Broadband and mobile phones

Looking to the future, the convergence of broadband networks and mobile phones is coming.  The advent of wimax and increasingly powerful mobile broadband makes the prospect of voice calls via data networks more likely.

The 2010 Broadband Customer Satisfaction Report highlighted some interesting thoughts about the UK’s internet access options. The study, which surveyed over seven-thousand broadband users from across the UK, found that broadband bills had reduced by just over four percent from last year, while average connection speeds had increased by approximately 33 percent.

It also looked at the UK’s broadband satisfaction rates, highlighting the difference in satisfaction for some of the UK’s biggest home and mobile broadband companies. O2 topped the list with a 92% satisfaction rate, while well-known broadband provider Orange found itself in last place, boasting a mere 44% customer satisfaction level.

But despite offering one of the most competitively priced and acclaimed services in the UK, O2′s service is by no means the best on offer anywhere. We’ve looked at global broadband statistics and aimed to find the world’s best broadband connections. Where, in Asia, Europe, or the Americas, is the world’s best broadband connection found?

A 2008 study from Cisco Systems found that almost all of the world’s fastest broadband connections were in East Asia. Japan boasts the world’s most developed and extensive home broadband network, with almost all of the nation’s home able to access high-speed internet connections without regular downtime.

South Korea also appeared high on the list, claiming the world’s fastest broadband network system and an incredible broadband penetration rate. While still offering the world’s fastest connection speeds, South Korea lost out to Japan overall due to lower customer satisfaction rates and less consistent all-round internet speeds.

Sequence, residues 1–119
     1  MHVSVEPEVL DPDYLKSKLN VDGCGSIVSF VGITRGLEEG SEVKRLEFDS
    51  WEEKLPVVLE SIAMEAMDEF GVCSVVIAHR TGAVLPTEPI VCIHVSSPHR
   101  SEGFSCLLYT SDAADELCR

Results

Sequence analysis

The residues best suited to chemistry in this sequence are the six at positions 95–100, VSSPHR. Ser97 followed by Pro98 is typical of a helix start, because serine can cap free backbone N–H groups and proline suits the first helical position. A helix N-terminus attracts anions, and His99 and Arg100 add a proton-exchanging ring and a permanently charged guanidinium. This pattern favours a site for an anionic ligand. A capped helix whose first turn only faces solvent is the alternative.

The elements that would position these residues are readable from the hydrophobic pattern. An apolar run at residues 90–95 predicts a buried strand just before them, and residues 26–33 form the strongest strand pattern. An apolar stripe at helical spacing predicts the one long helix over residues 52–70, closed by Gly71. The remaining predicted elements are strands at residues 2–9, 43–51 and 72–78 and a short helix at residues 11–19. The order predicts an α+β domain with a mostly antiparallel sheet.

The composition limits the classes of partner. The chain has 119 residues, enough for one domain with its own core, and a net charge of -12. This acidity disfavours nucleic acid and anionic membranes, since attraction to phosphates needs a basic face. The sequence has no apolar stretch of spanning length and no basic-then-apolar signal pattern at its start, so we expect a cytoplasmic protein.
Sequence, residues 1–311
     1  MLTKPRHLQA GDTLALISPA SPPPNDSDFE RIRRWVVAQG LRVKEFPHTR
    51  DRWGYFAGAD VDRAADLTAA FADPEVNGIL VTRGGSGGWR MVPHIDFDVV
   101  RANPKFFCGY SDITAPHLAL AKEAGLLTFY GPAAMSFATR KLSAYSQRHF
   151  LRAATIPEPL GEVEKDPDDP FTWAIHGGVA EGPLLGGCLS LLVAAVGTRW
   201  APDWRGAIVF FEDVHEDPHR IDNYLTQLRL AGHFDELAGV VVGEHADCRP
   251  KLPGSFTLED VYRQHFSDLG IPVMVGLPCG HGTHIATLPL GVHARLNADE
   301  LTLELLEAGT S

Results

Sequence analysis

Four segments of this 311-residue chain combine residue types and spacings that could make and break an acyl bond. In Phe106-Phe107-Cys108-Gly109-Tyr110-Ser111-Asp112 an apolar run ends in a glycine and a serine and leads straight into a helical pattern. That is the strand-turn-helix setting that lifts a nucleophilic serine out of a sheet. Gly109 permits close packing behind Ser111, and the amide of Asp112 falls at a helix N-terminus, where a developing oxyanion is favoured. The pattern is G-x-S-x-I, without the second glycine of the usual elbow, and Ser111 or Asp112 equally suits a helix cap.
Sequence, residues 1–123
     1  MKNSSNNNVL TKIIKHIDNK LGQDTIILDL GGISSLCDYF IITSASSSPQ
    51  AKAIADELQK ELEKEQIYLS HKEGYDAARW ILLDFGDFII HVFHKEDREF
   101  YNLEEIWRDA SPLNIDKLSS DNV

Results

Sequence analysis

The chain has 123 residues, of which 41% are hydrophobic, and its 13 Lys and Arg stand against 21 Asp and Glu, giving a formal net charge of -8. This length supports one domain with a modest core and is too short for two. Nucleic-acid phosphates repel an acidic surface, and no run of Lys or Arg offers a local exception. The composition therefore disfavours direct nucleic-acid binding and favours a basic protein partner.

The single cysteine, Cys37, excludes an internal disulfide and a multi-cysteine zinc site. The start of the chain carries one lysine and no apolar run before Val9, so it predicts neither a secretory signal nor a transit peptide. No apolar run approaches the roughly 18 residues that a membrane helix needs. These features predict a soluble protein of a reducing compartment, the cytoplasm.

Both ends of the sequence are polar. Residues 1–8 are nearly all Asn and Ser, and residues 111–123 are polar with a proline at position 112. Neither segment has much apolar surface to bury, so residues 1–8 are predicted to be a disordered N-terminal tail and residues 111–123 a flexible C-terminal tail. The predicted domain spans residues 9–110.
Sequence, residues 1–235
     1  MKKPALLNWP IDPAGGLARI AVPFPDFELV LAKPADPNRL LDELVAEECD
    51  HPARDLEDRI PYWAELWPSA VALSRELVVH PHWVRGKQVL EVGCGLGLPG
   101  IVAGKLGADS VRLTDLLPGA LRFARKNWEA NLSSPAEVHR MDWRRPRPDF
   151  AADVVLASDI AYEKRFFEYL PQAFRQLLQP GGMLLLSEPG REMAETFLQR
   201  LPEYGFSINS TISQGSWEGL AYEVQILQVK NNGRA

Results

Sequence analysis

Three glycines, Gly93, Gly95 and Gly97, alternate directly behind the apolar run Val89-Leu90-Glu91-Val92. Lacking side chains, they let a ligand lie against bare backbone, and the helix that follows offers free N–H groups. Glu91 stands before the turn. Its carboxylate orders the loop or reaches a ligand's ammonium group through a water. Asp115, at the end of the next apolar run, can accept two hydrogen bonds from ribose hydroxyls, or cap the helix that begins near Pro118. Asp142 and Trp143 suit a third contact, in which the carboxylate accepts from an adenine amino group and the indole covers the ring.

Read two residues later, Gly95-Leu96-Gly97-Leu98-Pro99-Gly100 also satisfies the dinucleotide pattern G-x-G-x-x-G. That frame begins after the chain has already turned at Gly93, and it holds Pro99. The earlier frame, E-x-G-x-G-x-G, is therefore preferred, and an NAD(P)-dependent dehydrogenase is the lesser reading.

It’s worth noting that East Asia’s broadband advantage isn’t just due to early investment and rapid development, but a vastly more urbanised population than its European competitors. Seoul and Tokyo, two of the world’s largest city areas, have the fastest and most reliable broadband networks in Asia.

Sweden has been named Europe’s best broadband location, offering subscribers the greatest mix of connection speeds and always-on reliability. The BBC recently reported that the average connection speed in Sweden is 7.4Mbps, almost twice that of the United Kingdom and over five times the mean connection speed in Poland.

Germany and France offer some of Europe’s most competitively priced and reliable broadband services, though both lose out to their Nordic neighbours when it comes to sheer speed. The average connection speed in Germany is 4.8Mbps, while urban French connections tend to hover between four and five megabits per second.

The United States remains the world’s most connected nation, boasting an impressive sixty-six million connections and one of the world’s most developed cable networks. The vast majority of American internet subscribers rely on cable connections for their service, with broadband access relatively limited and DSL usage slowly falling out of favour.

With home broadband penetration levelling off and mobile broadband becoming increasingly popular, we could soon see a change in the world’s best broadband nations. A number of UK-based telecommunications companies are offering competitively priced mobile broadband, giving many mobile subscribers little reason to invest in a dedicated home connection.

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